Similar ingredient mixing includes salad (hold the dressing til serving), kabobs/skewers, campfire soup/stew, and even chips. Make your own party mix by putting all your favorite savory crispy snacks in one airtight container.

Pack in Plastic Drawers

There are many types of plastic drawers on the market. These are lifesavers when I’m trying to stay organized while camping. 

We originally packed in a huge duffle bag, but as we get more experienced with organizing camping gear, we’re using more drawers and plastic bins than before.

Standing Plastic Drawers

Standing plastic drawers used for craft and office supplies are another useful tool. These hard plastic units are useful for storing dry foods, cutlery and kitchen supplies, first aid, and other small items that otherwise get lost in the mix.

Camping Gear Packed in Clear Plastic Drawers
©Heather Wylder

Standing drawers don’t seal the way large storage bins do. I wouldn’t leave them outside if you think it might rain, unless you throw a tarp over them.

I like to stack them in the trunk of our SUV. You can line up two or three of these with plenty of room for other camp supplies. 

Bring a Shoe Organizer

Plastic shoe organizers are useful for a family camping trip. It’s not that I like to bring a lot of shoe options. Shoe organizers are useful for any small piece of camping gear, they’re one of my favorite camping organization hacks.

Also when everyone is climbing into the tent for the night, it gives us somewhere to store shoes. This is especially helpful if you’re tent camping in the rain.

Waterproof Zippered Outdoor Organizer

I’ve seen some really cool camp shoe organizers out there. Some come with their own little mini tents to pitch next to your own. These are actually great for storing other small items, like towels, hats, even light jackets.

I like it because it stays outside, maximizing tent space. This truly is a perfect camping storage idea. They have a different one that can hold bikes and it amazing for any kind of gear storage.

Hanging Shoe Organizer

A traditional hanging shoe rack is tricky in tents, but perfect in campers or RVs. One way to hang it is by the additional toggles or straps on the tent ceiling.

This isn’t my favorite way to organize shoes while camping, I actually use it to hold smaller items like headlamps, gloves, hats and phones.

Pop-up Shoe Rack

Cloth shoe racks are a great in-tent option. They give you quick and easy access to footwear when you enter and exit the tent. I like these shoe racks because there’s no hanging involved.

Under Bed Shoe Storage Organizer

Under bed organizers are a good tent option if you have camp cots. Slide the organizer under the cots when it’s not in use. These lay flat and have individual compartments for shoes. I’ve also put mitts, hats, and even cell phones in the compartments for simple camp storage.

Use Compression Bags

Compression bags are big space savers. You can take soft items like sleeping bags, down jackets, and blankets, and compress them by sucking the air out. Think about vacuum sealed food, but for camp gear. I love how much extra you can pack when it’s compressed, especially in the winter when outerwear is so bulky.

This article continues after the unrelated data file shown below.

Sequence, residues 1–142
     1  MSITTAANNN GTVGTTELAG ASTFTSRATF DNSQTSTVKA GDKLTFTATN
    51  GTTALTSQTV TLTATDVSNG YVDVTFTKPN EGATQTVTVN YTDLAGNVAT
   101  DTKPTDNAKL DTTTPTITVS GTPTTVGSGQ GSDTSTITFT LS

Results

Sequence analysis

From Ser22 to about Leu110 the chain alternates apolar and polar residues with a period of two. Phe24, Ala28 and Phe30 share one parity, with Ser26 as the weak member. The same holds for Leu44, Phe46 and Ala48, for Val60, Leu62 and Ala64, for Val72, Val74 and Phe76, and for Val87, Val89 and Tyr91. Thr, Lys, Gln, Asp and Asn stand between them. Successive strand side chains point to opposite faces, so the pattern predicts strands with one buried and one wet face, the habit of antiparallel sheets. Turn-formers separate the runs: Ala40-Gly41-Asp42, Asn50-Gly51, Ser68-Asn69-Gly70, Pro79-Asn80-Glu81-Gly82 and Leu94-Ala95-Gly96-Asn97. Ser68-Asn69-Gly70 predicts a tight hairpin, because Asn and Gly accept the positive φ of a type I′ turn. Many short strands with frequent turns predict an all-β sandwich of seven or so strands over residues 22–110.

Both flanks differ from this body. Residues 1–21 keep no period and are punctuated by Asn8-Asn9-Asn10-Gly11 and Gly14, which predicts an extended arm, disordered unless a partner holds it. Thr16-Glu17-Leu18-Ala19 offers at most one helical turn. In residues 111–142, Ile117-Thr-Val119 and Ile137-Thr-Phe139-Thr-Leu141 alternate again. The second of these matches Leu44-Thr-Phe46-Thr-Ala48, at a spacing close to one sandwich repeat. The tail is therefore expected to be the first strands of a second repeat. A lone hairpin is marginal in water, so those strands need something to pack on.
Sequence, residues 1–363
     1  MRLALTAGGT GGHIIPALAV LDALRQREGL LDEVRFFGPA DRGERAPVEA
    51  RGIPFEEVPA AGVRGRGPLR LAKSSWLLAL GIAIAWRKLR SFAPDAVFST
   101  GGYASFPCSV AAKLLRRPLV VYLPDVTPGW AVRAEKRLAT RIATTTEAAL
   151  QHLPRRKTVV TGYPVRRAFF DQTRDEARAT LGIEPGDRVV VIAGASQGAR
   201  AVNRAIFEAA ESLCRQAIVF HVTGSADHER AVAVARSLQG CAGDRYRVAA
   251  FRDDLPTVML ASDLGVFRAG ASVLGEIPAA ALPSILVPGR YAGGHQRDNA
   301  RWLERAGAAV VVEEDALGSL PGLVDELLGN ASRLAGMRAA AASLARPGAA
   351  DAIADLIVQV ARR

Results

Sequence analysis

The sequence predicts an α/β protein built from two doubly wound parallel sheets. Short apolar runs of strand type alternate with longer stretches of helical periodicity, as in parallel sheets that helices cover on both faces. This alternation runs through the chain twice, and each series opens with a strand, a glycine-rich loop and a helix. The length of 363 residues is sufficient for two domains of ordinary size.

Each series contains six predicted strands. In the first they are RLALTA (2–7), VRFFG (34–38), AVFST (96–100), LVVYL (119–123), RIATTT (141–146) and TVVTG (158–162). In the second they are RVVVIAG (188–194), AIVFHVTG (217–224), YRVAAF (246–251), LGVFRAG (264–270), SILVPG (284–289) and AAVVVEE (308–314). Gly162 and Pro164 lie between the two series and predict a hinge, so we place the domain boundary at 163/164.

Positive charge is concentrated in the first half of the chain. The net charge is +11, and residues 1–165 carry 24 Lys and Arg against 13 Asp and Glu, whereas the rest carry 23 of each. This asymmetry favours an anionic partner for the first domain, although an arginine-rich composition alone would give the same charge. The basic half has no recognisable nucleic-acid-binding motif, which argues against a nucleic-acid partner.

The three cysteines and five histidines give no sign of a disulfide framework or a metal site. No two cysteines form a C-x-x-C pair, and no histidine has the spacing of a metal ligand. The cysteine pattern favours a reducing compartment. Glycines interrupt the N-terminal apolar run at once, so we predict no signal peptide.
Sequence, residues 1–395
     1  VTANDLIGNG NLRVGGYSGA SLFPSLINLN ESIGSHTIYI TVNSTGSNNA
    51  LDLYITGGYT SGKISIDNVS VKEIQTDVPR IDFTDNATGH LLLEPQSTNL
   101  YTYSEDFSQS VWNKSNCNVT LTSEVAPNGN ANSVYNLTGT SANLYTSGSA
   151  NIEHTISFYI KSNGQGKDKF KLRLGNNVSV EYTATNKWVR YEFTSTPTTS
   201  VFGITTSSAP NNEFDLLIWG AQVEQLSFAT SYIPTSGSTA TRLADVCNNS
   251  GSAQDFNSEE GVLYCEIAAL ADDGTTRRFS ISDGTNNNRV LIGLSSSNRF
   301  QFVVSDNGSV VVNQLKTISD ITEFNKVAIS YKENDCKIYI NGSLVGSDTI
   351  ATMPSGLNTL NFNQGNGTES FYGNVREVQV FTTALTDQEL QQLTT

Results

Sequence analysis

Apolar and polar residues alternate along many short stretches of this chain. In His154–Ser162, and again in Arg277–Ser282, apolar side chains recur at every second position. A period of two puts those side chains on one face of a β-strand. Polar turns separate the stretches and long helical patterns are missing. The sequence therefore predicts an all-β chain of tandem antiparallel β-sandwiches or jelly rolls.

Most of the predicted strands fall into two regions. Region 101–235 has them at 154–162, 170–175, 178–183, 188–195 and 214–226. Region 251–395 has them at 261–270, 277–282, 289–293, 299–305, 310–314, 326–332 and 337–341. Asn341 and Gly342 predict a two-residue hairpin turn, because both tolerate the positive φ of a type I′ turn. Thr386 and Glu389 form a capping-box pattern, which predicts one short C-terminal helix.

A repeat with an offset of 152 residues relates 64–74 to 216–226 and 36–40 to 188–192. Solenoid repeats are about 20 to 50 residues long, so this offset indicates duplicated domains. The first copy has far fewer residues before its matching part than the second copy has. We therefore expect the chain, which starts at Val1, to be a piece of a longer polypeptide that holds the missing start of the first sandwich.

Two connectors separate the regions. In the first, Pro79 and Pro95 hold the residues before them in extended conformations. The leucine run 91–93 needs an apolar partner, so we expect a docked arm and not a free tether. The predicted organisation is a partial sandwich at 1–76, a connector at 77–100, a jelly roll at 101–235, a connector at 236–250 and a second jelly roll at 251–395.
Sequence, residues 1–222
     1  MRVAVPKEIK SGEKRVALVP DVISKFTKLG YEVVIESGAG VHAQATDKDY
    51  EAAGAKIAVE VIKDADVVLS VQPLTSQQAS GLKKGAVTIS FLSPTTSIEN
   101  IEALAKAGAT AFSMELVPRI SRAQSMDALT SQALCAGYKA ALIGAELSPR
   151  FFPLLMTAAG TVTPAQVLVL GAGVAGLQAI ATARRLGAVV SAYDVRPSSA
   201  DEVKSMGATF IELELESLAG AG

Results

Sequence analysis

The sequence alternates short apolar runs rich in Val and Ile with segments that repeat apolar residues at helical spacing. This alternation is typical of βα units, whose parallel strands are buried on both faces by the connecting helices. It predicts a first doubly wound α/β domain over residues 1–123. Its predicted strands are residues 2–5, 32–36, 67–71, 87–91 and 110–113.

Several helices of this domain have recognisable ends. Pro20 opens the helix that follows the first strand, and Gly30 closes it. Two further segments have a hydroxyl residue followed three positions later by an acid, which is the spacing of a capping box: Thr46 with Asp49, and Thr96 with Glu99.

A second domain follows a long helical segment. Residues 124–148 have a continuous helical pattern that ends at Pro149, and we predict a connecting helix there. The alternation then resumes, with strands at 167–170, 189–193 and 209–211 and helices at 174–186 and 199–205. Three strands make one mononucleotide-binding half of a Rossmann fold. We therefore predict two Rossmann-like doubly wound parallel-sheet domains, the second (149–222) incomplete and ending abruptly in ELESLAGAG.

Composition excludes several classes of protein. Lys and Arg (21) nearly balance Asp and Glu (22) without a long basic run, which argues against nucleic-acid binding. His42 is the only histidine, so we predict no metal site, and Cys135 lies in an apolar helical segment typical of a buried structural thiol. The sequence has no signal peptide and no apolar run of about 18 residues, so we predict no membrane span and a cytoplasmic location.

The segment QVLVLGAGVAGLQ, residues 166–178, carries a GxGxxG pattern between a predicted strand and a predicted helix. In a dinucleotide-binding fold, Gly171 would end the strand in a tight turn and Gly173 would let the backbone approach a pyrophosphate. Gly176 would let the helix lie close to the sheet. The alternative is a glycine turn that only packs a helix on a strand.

Stuff Sacks

Stuff sacks are another way to minimize clothing and bedding packing. These are the sacks you use for sleeping bags. They have toggles and strings to stuff clothes inside and pull them snugly closed. The end result is less compressed than vacuum sealed bags, but they also require less work to repack.

Have a Plan for Garbage and Dirty Laundry

It’s common to focus on what to bring when heading into the great outdoors. But, what do we do with all that stuff when we’re finished with it? 

Recycling and Garbage

To stay organized during camping, I recommend bringing along two bags. One for recycling and one for garbage. I separate compost to keep animals away from these bags. To be safe, you can hang them in trees, or place them in a storage bin. 

If you’re camping at a private campground, there may be garbage and recycling bins at your site. I like to scope out my campsite early by visiting websites and reading reviews to see what the best method of waste management is.


Compost either goes into the fire (if safe to burn), or a sealed container for later disposal. Check your campsite (and state) for garbage and compost restrictions. You might find on-site dump zones where you can drop the bags before you leave.

I don’t recommend putting compost in a paper bag, the way some of us do at home. The bag gets soggy if left outside. It could also blow away, or attract animals. If you choose the paper bag method, put the bag in a container until it is properly disposed of.


Laundry is another issue. In our family, there are always a few spills, puddles, or rainy adventures leaving something wet or muddy. I like to bring a water proof stuff sack to put dirty laundry into, before packing it into my backpack. This keeps it separate from clean, dry items. 

If you’re camping for more than three days, use a storage bin (mentioned above) to hand wash clothes. You can make a simple clothesline by tying rope between trees. Things dry pretty quickly on warm sunny days.  

Hopefully, this guide has offered some insight into how to stay organized while camping. As always, have tons of fun, and stay safe out there!

Happy Camping!